LANESBORO, Minn. (WCCO) — From the gently flowing streams meandering southeastern Minnesota to the quiet lakes, to mine pits and ponds up north.
Trout fishing in Minnesota relies heavily on what’s nestled amid the hills surrounding Lanesboro.
“This is the life blood of the hatchery, where the springs are located,” said recently retired Manager Pat Schmidt.
For years, he managed the Department of Natural Resources’ cold water trout hatchery near Lanesboro. It was built back in 1925 to take advantage of the constant 48-degree spring water flowing from the surrounding bluffs.
“This facility raises more than half of all the trout stocked statewide,” said John Lenczewski of Trout Unlimited.
But the aging collection of buildings and rearing ponds is showing its true age. Step inside the nursery building and you are struck by the rusting steel support columns holding up the entire roof. Other buildings are plagued by black mold due to the constant moisture, and naturally high radon levels in the groundwater must be mitigated to keep workers safe.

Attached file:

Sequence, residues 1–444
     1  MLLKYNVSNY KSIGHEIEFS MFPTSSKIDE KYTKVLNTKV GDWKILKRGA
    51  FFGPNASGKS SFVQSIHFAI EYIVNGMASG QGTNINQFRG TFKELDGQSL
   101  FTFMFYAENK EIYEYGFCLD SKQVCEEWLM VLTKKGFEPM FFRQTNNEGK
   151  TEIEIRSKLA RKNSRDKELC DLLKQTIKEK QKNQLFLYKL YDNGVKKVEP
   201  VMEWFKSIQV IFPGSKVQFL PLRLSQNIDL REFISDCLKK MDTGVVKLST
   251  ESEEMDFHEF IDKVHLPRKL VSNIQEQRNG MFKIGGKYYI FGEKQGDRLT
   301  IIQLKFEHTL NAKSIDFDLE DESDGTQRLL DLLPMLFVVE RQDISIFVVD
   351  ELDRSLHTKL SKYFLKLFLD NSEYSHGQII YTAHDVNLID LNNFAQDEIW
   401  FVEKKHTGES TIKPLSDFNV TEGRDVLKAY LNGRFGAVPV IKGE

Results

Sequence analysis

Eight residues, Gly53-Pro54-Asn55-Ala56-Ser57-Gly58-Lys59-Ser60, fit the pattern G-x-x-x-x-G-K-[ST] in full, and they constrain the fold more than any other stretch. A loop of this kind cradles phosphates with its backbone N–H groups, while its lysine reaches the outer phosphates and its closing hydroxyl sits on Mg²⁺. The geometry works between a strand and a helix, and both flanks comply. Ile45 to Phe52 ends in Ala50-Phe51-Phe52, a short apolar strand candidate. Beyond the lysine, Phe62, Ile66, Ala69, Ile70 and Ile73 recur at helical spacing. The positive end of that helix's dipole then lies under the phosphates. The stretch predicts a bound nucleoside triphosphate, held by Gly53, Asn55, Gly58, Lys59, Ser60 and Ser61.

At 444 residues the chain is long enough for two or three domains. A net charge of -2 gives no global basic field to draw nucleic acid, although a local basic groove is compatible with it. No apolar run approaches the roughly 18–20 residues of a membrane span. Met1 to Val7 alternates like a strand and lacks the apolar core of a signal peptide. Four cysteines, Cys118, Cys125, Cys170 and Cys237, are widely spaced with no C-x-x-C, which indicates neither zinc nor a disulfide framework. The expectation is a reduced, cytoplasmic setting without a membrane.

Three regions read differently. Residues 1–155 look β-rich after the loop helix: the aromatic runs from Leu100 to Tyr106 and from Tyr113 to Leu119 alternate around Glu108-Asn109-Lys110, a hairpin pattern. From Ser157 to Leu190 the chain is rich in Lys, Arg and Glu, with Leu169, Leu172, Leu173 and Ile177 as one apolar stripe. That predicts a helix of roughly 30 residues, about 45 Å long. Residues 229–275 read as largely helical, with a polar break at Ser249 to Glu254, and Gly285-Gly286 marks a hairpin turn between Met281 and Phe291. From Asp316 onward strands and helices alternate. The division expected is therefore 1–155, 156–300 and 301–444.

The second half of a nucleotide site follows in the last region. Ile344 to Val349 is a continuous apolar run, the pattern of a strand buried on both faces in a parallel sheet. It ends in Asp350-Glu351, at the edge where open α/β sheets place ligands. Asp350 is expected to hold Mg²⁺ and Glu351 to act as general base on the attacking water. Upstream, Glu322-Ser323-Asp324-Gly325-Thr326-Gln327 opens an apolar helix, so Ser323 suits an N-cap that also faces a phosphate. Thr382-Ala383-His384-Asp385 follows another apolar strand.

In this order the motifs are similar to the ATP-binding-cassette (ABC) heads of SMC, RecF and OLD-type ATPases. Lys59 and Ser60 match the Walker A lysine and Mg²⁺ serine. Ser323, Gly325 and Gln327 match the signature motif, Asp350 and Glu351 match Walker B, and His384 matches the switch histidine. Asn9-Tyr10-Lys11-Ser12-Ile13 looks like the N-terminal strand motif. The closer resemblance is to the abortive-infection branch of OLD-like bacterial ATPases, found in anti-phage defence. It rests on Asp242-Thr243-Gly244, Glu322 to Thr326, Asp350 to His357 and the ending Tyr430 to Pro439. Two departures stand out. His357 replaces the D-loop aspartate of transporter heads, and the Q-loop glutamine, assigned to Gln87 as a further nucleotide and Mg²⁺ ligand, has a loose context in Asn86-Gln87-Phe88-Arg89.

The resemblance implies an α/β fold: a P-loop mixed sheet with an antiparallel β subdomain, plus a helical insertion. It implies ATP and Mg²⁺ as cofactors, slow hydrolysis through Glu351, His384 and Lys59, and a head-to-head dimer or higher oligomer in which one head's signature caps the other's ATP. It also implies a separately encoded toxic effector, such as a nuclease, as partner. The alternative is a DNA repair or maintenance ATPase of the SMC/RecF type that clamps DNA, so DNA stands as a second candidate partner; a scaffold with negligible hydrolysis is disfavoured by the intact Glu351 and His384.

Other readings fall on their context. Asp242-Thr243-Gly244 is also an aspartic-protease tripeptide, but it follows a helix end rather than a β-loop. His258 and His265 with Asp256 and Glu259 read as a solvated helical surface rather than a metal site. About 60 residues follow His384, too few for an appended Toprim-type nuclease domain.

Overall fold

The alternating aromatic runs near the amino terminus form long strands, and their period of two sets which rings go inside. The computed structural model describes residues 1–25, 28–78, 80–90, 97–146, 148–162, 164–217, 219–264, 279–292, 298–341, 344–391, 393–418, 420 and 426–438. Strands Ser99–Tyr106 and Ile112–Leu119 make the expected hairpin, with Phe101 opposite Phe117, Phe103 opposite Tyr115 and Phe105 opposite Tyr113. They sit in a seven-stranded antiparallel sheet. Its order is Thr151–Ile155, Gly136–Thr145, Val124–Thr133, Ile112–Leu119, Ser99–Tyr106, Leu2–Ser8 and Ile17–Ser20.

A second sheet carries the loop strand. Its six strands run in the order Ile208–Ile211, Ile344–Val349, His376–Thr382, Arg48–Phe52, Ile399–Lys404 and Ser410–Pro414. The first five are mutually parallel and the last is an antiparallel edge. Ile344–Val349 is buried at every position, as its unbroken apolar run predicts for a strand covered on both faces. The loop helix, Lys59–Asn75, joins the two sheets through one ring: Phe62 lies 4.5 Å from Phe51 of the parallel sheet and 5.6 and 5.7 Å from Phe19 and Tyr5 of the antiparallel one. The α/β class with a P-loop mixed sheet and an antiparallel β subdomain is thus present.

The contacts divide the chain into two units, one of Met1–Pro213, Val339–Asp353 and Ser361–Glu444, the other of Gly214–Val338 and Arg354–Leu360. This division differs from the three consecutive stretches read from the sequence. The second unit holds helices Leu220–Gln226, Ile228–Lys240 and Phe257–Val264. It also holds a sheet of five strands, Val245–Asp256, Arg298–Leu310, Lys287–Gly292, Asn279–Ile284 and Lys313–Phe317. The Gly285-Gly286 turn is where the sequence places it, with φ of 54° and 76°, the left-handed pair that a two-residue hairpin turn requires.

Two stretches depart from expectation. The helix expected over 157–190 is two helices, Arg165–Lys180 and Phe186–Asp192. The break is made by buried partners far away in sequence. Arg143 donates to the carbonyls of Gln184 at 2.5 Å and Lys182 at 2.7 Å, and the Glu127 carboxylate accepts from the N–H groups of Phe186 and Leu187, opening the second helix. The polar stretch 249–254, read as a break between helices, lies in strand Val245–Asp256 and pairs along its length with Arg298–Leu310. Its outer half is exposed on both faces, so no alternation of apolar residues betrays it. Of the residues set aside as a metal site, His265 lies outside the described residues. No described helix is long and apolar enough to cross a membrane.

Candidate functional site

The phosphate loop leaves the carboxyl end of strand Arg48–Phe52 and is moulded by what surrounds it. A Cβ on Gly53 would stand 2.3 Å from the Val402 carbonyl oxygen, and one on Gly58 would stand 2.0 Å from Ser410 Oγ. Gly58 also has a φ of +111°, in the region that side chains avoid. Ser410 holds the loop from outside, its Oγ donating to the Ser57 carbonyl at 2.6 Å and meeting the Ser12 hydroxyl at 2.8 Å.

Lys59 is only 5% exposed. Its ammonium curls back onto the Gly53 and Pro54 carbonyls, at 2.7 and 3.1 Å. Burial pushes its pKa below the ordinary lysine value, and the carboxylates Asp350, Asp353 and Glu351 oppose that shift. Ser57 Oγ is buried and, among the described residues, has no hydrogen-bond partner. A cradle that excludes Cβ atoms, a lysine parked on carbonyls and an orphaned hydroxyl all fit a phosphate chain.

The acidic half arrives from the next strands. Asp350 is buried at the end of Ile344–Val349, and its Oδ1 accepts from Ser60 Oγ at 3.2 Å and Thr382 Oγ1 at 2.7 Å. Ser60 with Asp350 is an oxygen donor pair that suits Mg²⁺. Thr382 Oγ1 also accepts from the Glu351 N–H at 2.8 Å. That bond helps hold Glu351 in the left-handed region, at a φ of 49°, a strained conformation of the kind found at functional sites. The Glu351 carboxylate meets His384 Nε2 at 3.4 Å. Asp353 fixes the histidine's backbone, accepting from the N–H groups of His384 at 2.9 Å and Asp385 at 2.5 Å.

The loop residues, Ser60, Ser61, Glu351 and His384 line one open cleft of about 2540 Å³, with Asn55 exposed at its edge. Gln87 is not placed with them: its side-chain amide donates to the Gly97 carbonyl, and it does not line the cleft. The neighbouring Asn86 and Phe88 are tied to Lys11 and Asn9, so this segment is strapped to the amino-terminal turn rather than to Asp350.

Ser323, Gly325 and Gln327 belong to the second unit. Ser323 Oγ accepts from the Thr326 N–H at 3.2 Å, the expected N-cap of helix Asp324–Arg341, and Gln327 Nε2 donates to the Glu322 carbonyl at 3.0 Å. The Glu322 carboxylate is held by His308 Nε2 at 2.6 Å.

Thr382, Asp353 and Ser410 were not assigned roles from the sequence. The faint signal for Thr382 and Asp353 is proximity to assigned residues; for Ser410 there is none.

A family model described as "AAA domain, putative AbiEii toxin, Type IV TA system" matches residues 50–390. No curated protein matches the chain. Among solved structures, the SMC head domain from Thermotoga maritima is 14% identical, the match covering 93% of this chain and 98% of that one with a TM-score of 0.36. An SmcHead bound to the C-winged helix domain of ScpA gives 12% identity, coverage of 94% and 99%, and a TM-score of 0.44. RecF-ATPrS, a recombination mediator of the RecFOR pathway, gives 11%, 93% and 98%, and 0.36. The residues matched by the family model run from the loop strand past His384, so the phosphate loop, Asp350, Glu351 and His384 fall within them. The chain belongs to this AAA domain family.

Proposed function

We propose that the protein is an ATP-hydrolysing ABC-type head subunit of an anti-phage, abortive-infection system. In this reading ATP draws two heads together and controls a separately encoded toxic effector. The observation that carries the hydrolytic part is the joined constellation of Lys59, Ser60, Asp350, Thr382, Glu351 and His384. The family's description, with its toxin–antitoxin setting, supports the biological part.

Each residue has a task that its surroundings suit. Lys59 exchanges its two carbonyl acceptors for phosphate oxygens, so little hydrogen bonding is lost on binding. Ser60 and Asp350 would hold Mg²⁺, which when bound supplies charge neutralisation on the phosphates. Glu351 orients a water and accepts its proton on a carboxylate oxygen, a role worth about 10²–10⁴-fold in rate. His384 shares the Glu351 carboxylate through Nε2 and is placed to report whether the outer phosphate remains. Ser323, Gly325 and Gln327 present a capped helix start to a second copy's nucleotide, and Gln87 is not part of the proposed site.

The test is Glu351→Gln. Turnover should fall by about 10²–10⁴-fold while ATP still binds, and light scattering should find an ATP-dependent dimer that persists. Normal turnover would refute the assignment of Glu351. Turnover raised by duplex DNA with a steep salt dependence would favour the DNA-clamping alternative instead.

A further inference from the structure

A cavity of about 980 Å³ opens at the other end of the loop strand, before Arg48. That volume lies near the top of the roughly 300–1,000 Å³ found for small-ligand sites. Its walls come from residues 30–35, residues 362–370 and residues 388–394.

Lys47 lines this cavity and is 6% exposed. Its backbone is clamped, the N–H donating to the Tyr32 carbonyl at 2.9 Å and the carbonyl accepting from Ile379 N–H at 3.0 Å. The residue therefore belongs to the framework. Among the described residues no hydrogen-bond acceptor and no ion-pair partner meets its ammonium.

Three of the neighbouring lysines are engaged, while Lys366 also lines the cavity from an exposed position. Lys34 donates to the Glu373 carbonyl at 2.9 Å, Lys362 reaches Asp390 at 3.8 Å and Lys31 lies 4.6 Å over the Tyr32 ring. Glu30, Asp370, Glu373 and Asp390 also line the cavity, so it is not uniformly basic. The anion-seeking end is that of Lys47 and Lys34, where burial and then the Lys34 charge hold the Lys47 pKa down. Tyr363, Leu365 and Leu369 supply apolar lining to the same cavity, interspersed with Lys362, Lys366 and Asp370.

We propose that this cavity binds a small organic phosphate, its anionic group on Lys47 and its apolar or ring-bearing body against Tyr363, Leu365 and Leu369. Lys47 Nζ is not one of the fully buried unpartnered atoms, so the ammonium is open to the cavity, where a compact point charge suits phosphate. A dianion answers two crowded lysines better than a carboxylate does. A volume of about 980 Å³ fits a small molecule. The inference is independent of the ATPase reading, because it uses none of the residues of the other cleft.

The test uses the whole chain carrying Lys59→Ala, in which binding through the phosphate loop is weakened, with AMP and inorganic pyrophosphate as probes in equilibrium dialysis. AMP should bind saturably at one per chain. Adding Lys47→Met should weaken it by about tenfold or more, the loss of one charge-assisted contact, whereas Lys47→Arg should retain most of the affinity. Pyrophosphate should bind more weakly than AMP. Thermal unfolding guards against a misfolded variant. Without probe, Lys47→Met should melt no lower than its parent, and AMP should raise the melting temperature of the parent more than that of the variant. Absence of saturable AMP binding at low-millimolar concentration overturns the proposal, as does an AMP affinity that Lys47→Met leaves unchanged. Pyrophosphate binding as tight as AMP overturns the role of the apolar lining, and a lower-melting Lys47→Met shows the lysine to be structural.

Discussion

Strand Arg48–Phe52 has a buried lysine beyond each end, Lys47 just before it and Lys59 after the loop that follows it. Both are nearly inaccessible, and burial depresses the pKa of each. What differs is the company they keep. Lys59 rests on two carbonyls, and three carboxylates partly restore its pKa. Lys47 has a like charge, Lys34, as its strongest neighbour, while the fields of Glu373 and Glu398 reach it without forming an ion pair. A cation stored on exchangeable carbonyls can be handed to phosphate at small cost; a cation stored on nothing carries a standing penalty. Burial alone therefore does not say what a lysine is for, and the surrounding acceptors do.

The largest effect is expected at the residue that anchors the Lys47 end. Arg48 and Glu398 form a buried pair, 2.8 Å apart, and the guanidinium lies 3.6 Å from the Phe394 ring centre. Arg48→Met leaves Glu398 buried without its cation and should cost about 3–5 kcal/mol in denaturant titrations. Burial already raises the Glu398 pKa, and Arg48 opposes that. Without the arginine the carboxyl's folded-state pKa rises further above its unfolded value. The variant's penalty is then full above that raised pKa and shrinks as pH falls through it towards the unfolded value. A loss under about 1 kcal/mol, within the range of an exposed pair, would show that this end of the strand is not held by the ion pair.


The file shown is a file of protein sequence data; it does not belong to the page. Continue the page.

Because the hatchery is located near a creek and river, it can be prone to flooding. As recent as 2013, floodwaters overtook a rearing pond and wiped out 76,000 young trout.
“We had about 10 inches of water coming through here where you are standing in 2013. The new office will be over three feet higher,” Schmidt said.
Repairs will cost about $5 million. That money is being included in the agency’s bonding request to the state legislature and part of the DNR’s $130 million capital improvement request for state parks, trails and other state buildings.
DNR Commissioner Tom Landwehr calls the hatchery repair a priority project.
“We have not been putting enough money into maintaining these buildings like you see right here. In fact, we are so far behind we have a $330 million backlog of deferred maintenance,” Landwehr said.
Conservation groups call the repairs to the Lanesboro hatchery vital to the overall trout fishery’s future.
The rainbow and brown trout raised and released each year will add roughly $700 million to the state’s economy.
“In fact trout fishing is the one part of license buying in the state of Minnesota that’s actually been growing,” Lenczewski said.
With little to no natural reproduction in the state, raising trout in tanks is the only option to a sustainable fishery. However, a well-maintained hatchery will also be their only hope.